Hopefully T-Mobile will soon tweak their algorithms to make things a little less painful for heavy data users on congested towers - otherwise T-Mobile's unlimited plans will become a lot less attractive to those of us with heavy data needs.

The CEO of T-Mobile John Legere is actively encouraging binge watching on his network - but if you take his advice you'll end up in the top 3% slow lane in busy areas.

The CEO of T-Mobile John Legere is actively encouraging binge watching using unlimited data on his network - but if you take his advice you'll end up in the "top 3%" slow lane in busy areas.

This new unlimited plan enforcement is an unpleasant shift for T-Mobile. As one T-Mobile employee posted on Reddit:

Just a real great middle finger to every customer I ever told: "Yeah, we don't throttle. Use as much data as you want!"

Sprint: "The Fairness Algorithm"

Sprint LogoAT&T and T-Mobile for once seem to be following in Sprint's footsteps.

Since last July, Sprint has had a "Fairness Algorithm" that subjects unlimited customers who were in the top 5% of data users the prior month to congestion management - slowing them down on busy towers.

There have been few reports of unlimited Sprint users getting the same sort of extreme slowdowns that some T-Mobile customers have reported this week, so perhaps Sprint's algorithms are better tuned - or the congestion management rules are not actually being enforced behind the scenes.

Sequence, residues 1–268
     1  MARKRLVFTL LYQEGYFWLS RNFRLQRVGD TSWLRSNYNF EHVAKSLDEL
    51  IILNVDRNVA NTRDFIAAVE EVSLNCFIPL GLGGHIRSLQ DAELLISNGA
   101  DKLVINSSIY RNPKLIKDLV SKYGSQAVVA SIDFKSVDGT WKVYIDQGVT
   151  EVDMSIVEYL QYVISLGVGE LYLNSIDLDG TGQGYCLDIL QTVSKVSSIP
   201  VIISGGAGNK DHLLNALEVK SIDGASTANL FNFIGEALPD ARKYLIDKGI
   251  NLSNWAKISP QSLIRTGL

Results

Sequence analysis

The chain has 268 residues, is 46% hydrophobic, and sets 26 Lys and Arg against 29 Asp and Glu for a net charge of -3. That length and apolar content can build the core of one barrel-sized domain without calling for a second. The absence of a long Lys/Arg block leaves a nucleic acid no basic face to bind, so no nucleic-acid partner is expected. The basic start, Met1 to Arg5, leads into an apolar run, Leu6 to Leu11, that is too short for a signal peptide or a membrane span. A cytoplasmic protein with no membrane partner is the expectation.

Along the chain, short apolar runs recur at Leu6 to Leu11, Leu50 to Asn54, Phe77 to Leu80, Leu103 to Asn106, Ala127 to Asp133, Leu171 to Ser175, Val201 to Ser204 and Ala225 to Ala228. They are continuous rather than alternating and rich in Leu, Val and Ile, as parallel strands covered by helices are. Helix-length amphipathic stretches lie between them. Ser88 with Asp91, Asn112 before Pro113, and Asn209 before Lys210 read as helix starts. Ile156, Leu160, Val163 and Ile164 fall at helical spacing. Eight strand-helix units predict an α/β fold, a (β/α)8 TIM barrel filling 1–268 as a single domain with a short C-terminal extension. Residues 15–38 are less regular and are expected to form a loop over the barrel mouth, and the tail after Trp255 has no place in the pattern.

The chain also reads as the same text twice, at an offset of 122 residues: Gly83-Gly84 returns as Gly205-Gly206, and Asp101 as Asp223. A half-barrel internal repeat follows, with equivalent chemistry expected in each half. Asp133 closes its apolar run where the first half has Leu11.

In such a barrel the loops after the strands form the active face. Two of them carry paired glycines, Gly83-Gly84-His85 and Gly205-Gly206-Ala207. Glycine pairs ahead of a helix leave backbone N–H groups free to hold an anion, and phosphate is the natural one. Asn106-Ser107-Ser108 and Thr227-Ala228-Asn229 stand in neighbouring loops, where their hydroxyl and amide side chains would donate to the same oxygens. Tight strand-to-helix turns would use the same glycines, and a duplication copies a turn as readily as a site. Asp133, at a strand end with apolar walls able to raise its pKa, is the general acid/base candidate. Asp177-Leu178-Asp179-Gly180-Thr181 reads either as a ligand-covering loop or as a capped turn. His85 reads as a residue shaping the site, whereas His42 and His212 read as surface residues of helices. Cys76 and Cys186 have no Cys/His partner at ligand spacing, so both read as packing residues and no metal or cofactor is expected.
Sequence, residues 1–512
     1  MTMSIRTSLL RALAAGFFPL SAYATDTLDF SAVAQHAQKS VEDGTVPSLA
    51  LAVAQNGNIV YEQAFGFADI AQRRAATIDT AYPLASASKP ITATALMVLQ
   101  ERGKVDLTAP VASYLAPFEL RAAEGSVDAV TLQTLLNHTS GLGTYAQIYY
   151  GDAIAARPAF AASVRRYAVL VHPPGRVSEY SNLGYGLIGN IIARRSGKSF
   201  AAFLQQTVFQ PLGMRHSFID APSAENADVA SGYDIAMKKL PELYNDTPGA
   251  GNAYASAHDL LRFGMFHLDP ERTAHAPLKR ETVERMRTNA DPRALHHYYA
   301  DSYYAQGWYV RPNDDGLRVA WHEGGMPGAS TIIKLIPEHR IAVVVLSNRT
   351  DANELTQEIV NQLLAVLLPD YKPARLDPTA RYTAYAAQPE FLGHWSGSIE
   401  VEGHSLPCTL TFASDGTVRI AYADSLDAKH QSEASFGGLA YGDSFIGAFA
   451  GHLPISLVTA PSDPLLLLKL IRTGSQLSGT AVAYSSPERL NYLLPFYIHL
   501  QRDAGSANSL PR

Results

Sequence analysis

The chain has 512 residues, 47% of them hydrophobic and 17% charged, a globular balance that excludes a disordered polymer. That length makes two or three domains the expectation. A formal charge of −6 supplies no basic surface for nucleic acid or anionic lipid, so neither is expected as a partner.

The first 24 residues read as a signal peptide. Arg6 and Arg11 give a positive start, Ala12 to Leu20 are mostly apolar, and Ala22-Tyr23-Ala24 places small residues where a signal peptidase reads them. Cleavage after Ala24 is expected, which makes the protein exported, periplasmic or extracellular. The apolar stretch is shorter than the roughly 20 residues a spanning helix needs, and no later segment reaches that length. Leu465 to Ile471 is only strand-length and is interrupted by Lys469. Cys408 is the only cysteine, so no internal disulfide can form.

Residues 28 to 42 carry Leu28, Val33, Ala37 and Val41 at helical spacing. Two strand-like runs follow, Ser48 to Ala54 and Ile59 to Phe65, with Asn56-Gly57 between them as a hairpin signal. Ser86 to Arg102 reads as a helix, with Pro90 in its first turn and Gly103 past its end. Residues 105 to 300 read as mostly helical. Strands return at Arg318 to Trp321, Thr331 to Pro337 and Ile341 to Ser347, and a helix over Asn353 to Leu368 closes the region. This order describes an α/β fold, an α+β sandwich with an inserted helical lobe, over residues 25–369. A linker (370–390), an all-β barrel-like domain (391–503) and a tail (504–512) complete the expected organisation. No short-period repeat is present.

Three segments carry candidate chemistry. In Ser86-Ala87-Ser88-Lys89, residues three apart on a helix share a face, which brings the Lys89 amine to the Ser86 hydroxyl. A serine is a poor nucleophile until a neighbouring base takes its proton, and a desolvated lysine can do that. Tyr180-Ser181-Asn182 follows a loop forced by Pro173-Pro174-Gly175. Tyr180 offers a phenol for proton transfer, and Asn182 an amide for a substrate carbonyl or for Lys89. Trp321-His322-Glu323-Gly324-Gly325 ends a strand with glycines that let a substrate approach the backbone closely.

We'd love to hear from any Sprint customers who would like to share their experiences.

Verizon: The Only Network Without Brakes

verizon-wireless-logo2Though Verizon moved to begin throttling grandfathered unlimited users last summer, it backed down from that plan after facing serious pressure from the FCC.

This leaves Verizon as the only truly unlimited LTE network for heavy data users - but it takes jumping through some significant hoops to get ahold of one of these coveted unlimited Verizon data plans.

Verizon would clearly love to put the brakes on unlimited plans, but it the 700MHz spectrum Verizon bought to build its LTE network came with legal strings attached that the other carriers do not have to deal with - making it difficult for Verizon to put throttles or "congestion management" in place without risking the FCC's wrath.

The Future of Unlimited

Users clearly love unlimited data - but spectrum is a scarce resource that carriers do need to manage.

The key is finding a balance.

Fair congestion management that puts the heaviest unlimited customers into a slow lane on overwhelmed towers is probably a reasonable compromise - but the networks need to be managed to make sure that the "slow lane" isn't a "stopped lane" compared to other users on the tower.

Otherwise the heaviest users who most rely on mobile data can be left with "scraps" when they need it the most.